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hyacinth_drift - 22 Hyacinth drift that seemed to me more...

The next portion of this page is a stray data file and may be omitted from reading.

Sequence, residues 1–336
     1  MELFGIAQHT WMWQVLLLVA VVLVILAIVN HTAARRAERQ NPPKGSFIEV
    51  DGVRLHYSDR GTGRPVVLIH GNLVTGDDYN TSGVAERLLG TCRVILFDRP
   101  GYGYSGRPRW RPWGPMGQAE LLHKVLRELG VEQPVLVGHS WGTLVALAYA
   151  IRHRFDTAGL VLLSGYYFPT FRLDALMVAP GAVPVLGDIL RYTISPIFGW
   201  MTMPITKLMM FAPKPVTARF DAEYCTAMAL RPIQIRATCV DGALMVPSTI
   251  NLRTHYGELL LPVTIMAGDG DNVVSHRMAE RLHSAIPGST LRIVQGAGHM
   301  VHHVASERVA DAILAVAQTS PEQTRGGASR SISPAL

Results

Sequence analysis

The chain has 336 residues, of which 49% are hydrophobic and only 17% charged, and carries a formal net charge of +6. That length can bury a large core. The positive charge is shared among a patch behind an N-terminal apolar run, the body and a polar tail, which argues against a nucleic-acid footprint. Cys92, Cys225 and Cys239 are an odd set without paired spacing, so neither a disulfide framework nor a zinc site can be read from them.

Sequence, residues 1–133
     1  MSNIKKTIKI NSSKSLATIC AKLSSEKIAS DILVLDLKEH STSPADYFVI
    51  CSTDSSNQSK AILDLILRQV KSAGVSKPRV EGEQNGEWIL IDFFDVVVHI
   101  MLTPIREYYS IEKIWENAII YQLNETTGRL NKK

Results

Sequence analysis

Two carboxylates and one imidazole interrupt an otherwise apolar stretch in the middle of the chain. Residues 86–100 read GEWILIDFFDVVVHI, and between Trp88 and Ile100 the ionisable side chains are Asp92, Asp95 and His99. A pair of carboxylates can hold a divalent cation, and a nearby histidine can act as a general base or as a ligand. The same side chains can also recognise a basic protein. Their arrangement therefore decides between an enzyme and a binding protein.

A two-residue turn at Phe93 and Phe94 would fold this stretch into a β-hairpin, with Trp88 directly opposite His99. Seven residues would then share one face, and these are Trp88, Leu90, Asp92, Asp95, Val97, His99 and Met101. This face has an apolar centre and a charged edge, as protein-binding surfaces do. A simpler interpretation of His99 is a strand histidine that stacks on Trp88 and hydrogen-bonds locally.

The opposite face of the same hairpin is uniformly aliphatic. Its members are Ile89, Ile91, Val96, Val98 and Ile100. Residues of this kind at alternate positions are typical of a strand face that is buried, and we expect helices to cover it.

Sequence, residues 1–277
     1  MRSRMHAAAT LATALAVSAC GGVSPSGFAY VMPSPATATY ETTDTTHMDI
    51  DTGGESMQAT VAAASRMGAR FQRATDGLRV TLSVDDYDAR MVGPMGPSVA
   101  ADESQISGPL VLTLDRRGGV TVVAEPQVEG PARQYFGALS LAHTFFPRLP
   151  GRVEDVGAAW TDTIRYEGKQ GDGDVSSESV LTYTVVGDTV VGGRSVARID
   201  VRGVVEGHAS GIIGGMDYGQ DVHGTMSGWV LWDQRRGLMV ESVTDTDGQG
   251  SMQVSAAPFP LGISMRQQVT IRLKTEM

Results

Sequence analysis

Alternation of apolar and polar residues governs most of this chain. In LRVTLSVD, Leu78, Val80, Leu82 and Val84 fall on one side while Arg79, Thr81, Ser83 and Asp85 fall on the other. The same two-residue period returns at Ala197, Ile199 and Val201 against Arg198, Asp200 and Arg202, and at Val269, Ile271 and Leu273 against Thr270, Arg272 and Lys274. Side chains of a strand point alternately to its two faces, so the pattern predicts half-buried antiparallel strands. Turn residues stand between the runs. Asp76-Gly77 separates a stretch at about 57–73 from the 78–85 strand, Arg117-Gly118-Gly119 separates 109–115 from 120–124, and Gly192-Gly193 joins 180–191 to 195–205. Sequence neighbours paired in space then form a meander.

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Unformatted text preview: 22. Hyacinth drift that seemed to me more than one could bear alone. I loved the Creek, I loved the grove, I loved the shabby farmhouse. Suddenly they were nothing. The difficulties were greater than the compensations. I talked morosely with my friend Dessie. I do not think she understood my torment, for she is simple and direct and completely adjusted to all living. She knew only that a friend was in trouble. She said, “We’ll take one of those river trips we’ve talked about. We’ll take that eighteen-foot boat of yours with a couple of outboard motors and put in at the head of the St. John’s River. We’ll go down the river for several hundred miles.” * 342 ONCE I lost touch with the Creek. I had. had hardships Hyacinth Drift ' I agreed, for the Creek was torture. ~ Men protested. “Two women alone? The river runs through some of the wildest country in Florida. You’ll be lost in the false channels. No one ever goes as far as the head of the river.” Then, pas- sionately, betraying. themselves, “It will be splendid. What if you do get lost? Don’t let any one talk you out of it.” The river was a blue smear through the marsh. The marsh was tawny. It sprawled to the four points of the compass; flat; interminable; meaningless. » I thought, “This is fantastic. I am about to deliver myself over to a nightmare.” . But life was a nightmare. The river was at least of my' own choosing. ’ The St. John’s River flows from south to north and empties into the Atlantic near the Florida-Georgia line. Its great mouth is salt and tidal, and ocean-going vessels steam into it as far as Jacksonville. It rises in a chain of small lakes near the Florida east coast, south of Melbourne. The lakes are linked together by stretches of marsh through which, in times of high water, the indecisive course of the young river is discernible. Two years of drought had shrunken the stream and dried the marshes. The southernmost sources were overgrown with marsh grass. Water hyacinths had filled the channels. The navigable head of the St. John’s proved to be near Fort Christmas, where the highway crosses miles of wet prairie and cypess swamp be— tween Orlando and Indian River City. There is a long high fill across the marsh, with a bridge over the slight blue twisting that is the river. We drove car and trailer down an embankment and unloaded the small boat in the backwaters. The bank was of black muck, smelling of decay. It sucked at our feet as we loaded our supplies. We took our places in the boat and drifted slowly into mid- channel. ' 343 g ' C mm C reek Water hyacinths began to pass us, moving with a faint anxiety in their lifted leaves. The river was no more than a path» through high grass. We swung under the .bridge' and the boy at the wheel of our car lifted his hand in partingand shot away. Something alive and potent gripped the flat bottom of the boat. The hyacinths moved more rapidly. The river widened to a few yards and rounded a bend, suddenly decisive. Dess started the outboard. motor. I hunched myself together amid- ships and spread the U. S. Coast and Geodetic Survey river chart on my knees and clicked open my compass. I noticed disconsolately, “Lights, Beacons, Buoys and Dangers Corrected for Information Received to Date of Issue.” There would be neither lights, beacons nor buoys for at least a hundred miles. Bridge and highway disappeared, and there was 1104011ng any world but this incredible marsh, this unbelievable amount of sky. over the river. For sociability, we turned in by the low dock. The fisherman and his wife squatted on their haunches and gave us vague directions. We pointed to Bear Island on our chart. . He said, “You won’t,never see Bear Island. Where they gOt a channel marked on your map it’s plumb full 0’ hyacinths. Down the river a ways you’ll see a big ol’ sugar-berry tree stickin’ up in the marsh. That’s your mark. You keep to the left. The next mark you’ll get is a good ways down the river. You go left by a pertickler tall piece 0’ grass. The woman said, “You just got to keep tryin’ for the main channel. You’ll get so you can tell.” The man said, “I ain’t never been as far as you-all aim to go. From what I hear, if you oncet get through'Puzzle Lake, you got right clare river.” , The woman said, “You’ll some kind of enjoy yourselves. The river life’s the finest kind of life. You couldn’t get you no better life than the river.” 344 Half a mile beyond the bridge a fisherman’s shack leaned- 4 »,_._,.“*"\_b»,g,5..- hut. .“A. ‘ wiur-wuu-n‘n-fimlauw u»va wens. .... 1W5 “an “due..- ueim..w-,m«:q.w y‘i‘aram’n-wmhwt4w . H yacht/1 Drift " We pushed away from the. dock. ' ‘ '- The man said, “I’d be mighty well obliged if you’d send me a postcard when you get where you’re goin’. That-a-way ‘I won’t have to. keep on worryin’ about you.” ' Dess cranked the motor and they waved after us. Dess began to whistle, shrilly and tunelessly. She is an astonishing young woman. She was born and raised in rural Florida and guns and campfires and fishing—rods and creeks are corpuscular in her blood. She lives a sophisticate’s life among worldly people. At the slightest excuse she steps out of civilization, naked‘and relieved, as I should step out of a soiled chemise. She is ten‘ years-my junior, but she calls me, with much tenderness, pity- ing my incapabilities, “Young un.’_’ ’ “Young un,” she called, “it’s mighty fine to be travelling.” I was prepared for marsh. It was startling to discover that there was-in sight literally nothing else. Far to the west, almost out of sight to the east, in a dark line like cloud banks was the distant swamp that edged this fluid prairie. We may have taken the wrong channel for a mile or so, for we never. saw the sugar-berry tree; nothing but river grass, brittle and gold, inter—- spersed, where the ground was- highest, with butter—yellow flowers like tansy. 'By standing up in the boat I could see the rest of the universe. And the universe was yellow marsh, with" a pitiless blue infinity over it, and we Were lost at the bot- tom. v At five o’clock in the afternoon the river dissolved without warning into a two—mile spread of flat confusion. A mile of open water lay ahead of us, neither lake nor river nor. slough. We advanced into the center. When he looked over our shoul-' ders, the marsh had closed in over the channel by which we had come. We were in a labyrinth. The stretch of open water was merely the fluid heart of a maze. Channels extended out of it in a hundred directions—some shallow, obviously no out- lets; others as broad as the stream we hadleft behind us, and tempting. We tried four. Each widened in a deceptive sweep. 345 / 1‘ Cross Creek A circling of the shore—line showed there was no channel. Each time we returned to the one spot we could again identify—a point of marsh thrust into the water like a swimming moc- casin. Dess said, “That map and compass don’t amount to much.” That was my fault. I was totally unable to follow the chart. I found later, too late for comfort, that my stupidity was not entirely to blame, for, after the long drought, half the channels charted no longer existed. The sun had become a prodigious red disc dropping into a distant slough. Blue herons flew over us to their night’s quarters. Somewhere the river must continue neatly out of this desolation. We came back once more to the point of land. It was a foot or two out of water’and a few square yards of the black muck were comparatively dry. We beached the rowboat and made camp. There was no dry wood. We carried a bag of fat pine splinters but it occurred to me desperately that I would save them..I laid out a cold supper while Dess set up our two camp cots side by side on the open ground. As the sun slid under the marsh to the west, he full moon surged out of it to the east. The marsh was silver and the water was steel, with ridges of rippled ebony where ducks swam in the twilight. Mosquitoes sifted against us like a drift of needles. We were exhausted. We propped our mosquito bar over the cots on crossed oars, for there was no bush, no tree, from which to hang it. ' We did not undress, but climbed under the blankets. Three people had had a hand in loading our cots and the wooden end— pieces were missing. The canvas lay limp instead of taut, and our feet hung over one end and our heads over the other, so that we were disposed like corpses on inadequate stretchers. The crossed oars slid slowly to the muck, the mosquito bar fluttered down and mosquitoes ,were about us in a swarm. Dess reached under her cot for her light. rifle, propped it be tween us, and balanced the mosquito bar accurately on the end of its barrel. 346 m1“ .“e§.fi;.¢< .t—ru, “and”. _. W. , was...» ’ ‘25”: wry:- .9. an". - “sh; A; ~,‘.»9Ij«4§ x. W ;-, .3 14 .v 4.: :1 an,» m «14%! p wax \ a r “flaw... 1.A_..iv——"*V-II;H-_1qny\’t.:‘—9A Hyacinth Drift “You can get more good out of a .22 rifle than any other kind of gun,” she informed me earnestly. I lay on my back in a torment of weariness, but there was no rest. I had never lain in so naked a place, bared so flatly to the sky. The moon swung high over us and there was no sleep- ing for the brightness. Toward morning dewdrops collected over the netting as though the moonlight had crystallized. I' fell asleep under a diamond curtain and wakened with warm full sunlight on my face. Cranes and herons were wading the shore near me and Dess was in the rowboat a few hundred yards away, casting for bass. Marsh and water glittered iridescent in the sun. The tropical March air was fresh and wind-washed. I was suddenly excited. I made campfire with fatwood splinters and cooked bacon and toast and coffee. Their fragrance eddied across the water and I saw Dess lift her nose and put down her rod and reel. She too was excited. “Young un,” she called, “where’s the channel?” . I pointed to the northeast and she nodded vehemently. It had come to both of us like a revelation that the water hyacinths were drifting faintly faster in that direction. From that instant we were never very long lost. Forever after, where the river sprawled in confusion, we might shut off the motor and study the floating hyacinths until we caught, in one direction, a swifter pulsing, as though we put our hands close and closer to the river’s heart. It was very simple. Like all simple facts, it was necessary to discover it for oneself. We had, in a moment, the feel of the river; a wisdom for its vagaries. When the current took us away that morning, we gave ourselves over to it. There was a tremendous exhilara4 tion, an abandoning of fear. The new channel was the correct one, as we knew it should be. The river integrated itself again. The flat golden banks closed in on both sides of us, securing a snug safety. The strangeness of flowing water was gone, for it was all there was of living. 347 / j '. Cross Creek. In midmorning,fsolid land made its way here and there to- ward us, and then in time withdrew. For a mile we had a low rolling hill for company, with traces of ancient habitation at its peak: a few yards of rotting fence, at crepe myrtle, an orange tree. We passed a lone fisherman hauling his seine. His legs were planted cranelike in the- water. His long arms looped up folds of the gray net with the rhythm of a man swinging a sickle. We told him our origin and our destination. Because we were now a part of the river he offered us a' fish. His catch was meager and we refused it. We passed cattle, wild on the marsh. They loomed startlingly above us, their splotched black and brown and red and white luminous against the’ blue sky, like cattle in Bonheur pictures hung high above the eye—level. The river dissolved into shallow pools and was interspersed with small islands, palm—crowded and lonely. It was good to see trees, lifting the eyes from so many miles of flatness. The pools gathered themselves together and there was under us again a river, confined between obvious banks. Sometimes the low— lying land was dry for a great distance, specked with soap- berry bushes, and the wild cattle cropped a short grass that grew there. . We had Puzzle Lake and then Lake Harney, we knew, some— where ahead of us. We came out from a canal-like stretch of river into a body of open water. Dess and I stiffened. She shut off the motor. Far away across the marsh there was a long white rolling as though all the sheep in the world were being driven through prehistoric dust clouds. The mad thought came to me that we had embarked on the wrong river and had suddenly reached the ocean, that the vast billowing in the distance was surf. But something about the thing was familiar. That .distant line was a fill, a forty—foot sand embankment across the marsh between the St. John’s River and the east coast town of Mimms, and I 348 <,<>-.~.‘,.,r.h-.gv 1Wh~saw¢maemia>w~3 “its: a»: a ”. Fig.2. gym, v-irwd'rf. Eva “ Hyacinth ' Drift had driven its one-rut grade two weeks before-The marsh had been even more desolate from the height of that untravelled, unfinished roadway. The fill ended, I remembered, in a forty; foot drop to a decrepit ferry' that crossed the river. The billow- ing we now saw was loose white sand moving along the em- bankment ahead of a high wind. I ranmy finger along the chart. There was no ferry mapped for the far side of Puzzle Lake. A ferry was indicated, however, on the far side of Lake Harney. I said, “Dess, we’ve come through Puzzle Lake and didn’t know it. We’ve reached Lake Harney.” She did not question my surety. She spun the motor. “All right, young un. Which way across?” I I compared chart and compass. I pointed. She headed the boat as I directed. I split nautical points to keep our position exactly.'I took her across water so shoal we had to pole through it; under overhanging banks and through dense stiff sedge, when often a plainly better channel swung a few feet away in another direction. The extreme low water, I called, had evi—, dently dried Lake Harney to this confused alternating of open lake and maze. Dess whistled dubiously but asked no questions. We struck deep water at last and were at the ferry I had indeed remembered. The old ferryman peered from his hut and came down to meet us, shading his eyes. He seemed to find us very strange indeed. Where had we come from? “We put in yesterday at Fort Christmas,” I answered him, . “and I’m glad to say we’ve just finished navigating Lake Harney.” He stared in earnest. “Lady,” he said, “you haven’t even reached Lake Harney. You’ve just come through Puzzle Lake. The ferry here simply was not charted, and the episode proves anything one may wish it to prove. I felt contentedly that it proved a harmony with the river so complete that not 349 ‘2 1’ j Cross Creek even the mistaking of whole lakes could lose us. Others of more childish faith were sure it proved the goodness of God in looking after imbeciles. I know only that we were congratu— lated by fishermen the entire length of the river on navigating Puzzle Lake successfully. “I brought our boat through Puzzle Lake,” I told them with simple dignity, “by the sternest use of chart and compass.” And it was only in Dess’ more evil moments that she added, “——in the firm belief that she was crossing Lake Harney.” Lake Harney itself was four miles long, unmistakably broad and open. We crossed it in late afternoon with the westerly sun on our left cheeks and a pleasant March wind ruflling the blue water. Passing out of the lake we bought roe ishad, fresh and glistening from the seine. The current quickened. The hyacinths plunged forward. The character of the river' changed the in- stant the lake was left behind. It was deep and swift, the color of fine clear coffee that is poured with the sun against it. It was mature. All its young torture was forgotten, and its wanderings in the tawny marsh. The banks had changed. They were high. Tall palms crowded great live oaks and small trees grew humbly in their shadows. Toward sunset we swung under the western bank at one of those spots a traveller recognizes in- stinctively as, for the moment, home. If I could have, to hold forever, one brief place and time of beauty, I think I might choose the night on that high lonely bank above the St. John’s River. We found there a deserted cabin, gray and smooth as only cypress Weathers. There was no door for its doorway, no panes or shutters for its windows, but the roof was whole, with lichens thick across the shingles. Dess built me a fire of red cedar. She sat on the sagging steps and whittled endpieces for our cots, and I broiled shad and shad roe over fragrant coals, and French-fried potatoes, and found 'I had the ingredients for Tartar sauce. Dess nailed a board between low rafters in the cabin from 35° 3°? .3; “away " Maw. was-w 21,—: pg; Hyacinth Drift which to hang the mosquito bar over our cots, and said, “Young un, Christopher Columbus had nothing on us. He had a whole Ocean to fool around in, and a what—do-you-call-it: —a continent, to come out on. Turn that boy loose in the St. John’s marsh, and he’d have been lost as a hound puppy." We had hot baths out of a bucket that night, and sat on the cabin steps in pajamas while the fire died down. Suddenly the soft night turned sliver. The moon was rising. We lay on our cots a long time wakeful because of beauty. The moon shone through the doorway and windows and the light was patterned with the shadows of Spanish moss waving from the live oaks. There was a deserted grove somewhere behind the cabin, and the incredible sweetness of orange bloom drifted across us. A mocking-bird sang from a palm tree at sunrise. We found by daylight that the cabin sat among guava trees higher than the roof. The yard was pink and white with periwinkles. Dess shot a wild duck on the wing with the .22 and I roasted it in the Dutch oven for breakfast. We lay all morning on the bank in the strong sunlight, watching the mullet jumping in the river. At noon we went reluctantly to the water’s edge to load the boat and move on. The boat was half filled with water and was resting with an air of permanence on the river bottom. My first thought was of pure delight that it was no longer necessary to leave this place. But Dess was already stepping out of her sailor trousers. I too removed superfluous clothing. We bailed the boat and found tw0 streams of water gushing in steadily under bow and stern seats. We managed to drag the boat on shore and turn it upside down. We found that the caulking had worked loose out of two seams. Dess donated a shirt, and for two hours with pocket knives we stuffed strips of cloth into treacherous cracks. When we put the boat in the river again, the caulking held. I begged to stay another night, but Dess was restless. We pushed on for the few hours left of daylight. The shore line 35I J" ' _ Cross Creek - narrowed to thin strips of sand with tall twisted-.palmsvalong them.. The clear brown river was glassy-in the windless evening. .The palms were mirrored along both banks, so that when .white ibises flew-over-in a rosy sunset, the river might have been the Nile. We camped that night in comparative comfort under an up- turned tree root. The spot wasnot tempting from the water, but once we were snugged down, it proved cavelike and cozy. A moccasin slithered from under my feet at the edge of camp and went harmlessly about his business. Dess cut down a young palmetto and we had swamp cabbage for dinner. I cooked it with a piece of white bacon and baked corn sticks in the Dutch oven to go with it. ' " In the morning we watched the, hyacinth drift closely to be sure of taking the cut to Prairie Landing instead of wander- ing into Lake Iessup. A highway crossed the river here and folk waved down to us. In the cut a woman was running a catfish line. She was gaunt and sun-tanned, ragged and dirty. She pulled in the line, hand over hand, with- a quick, desperate accuracy. She lifted a shaggy head when we called “Howdy” and said “He...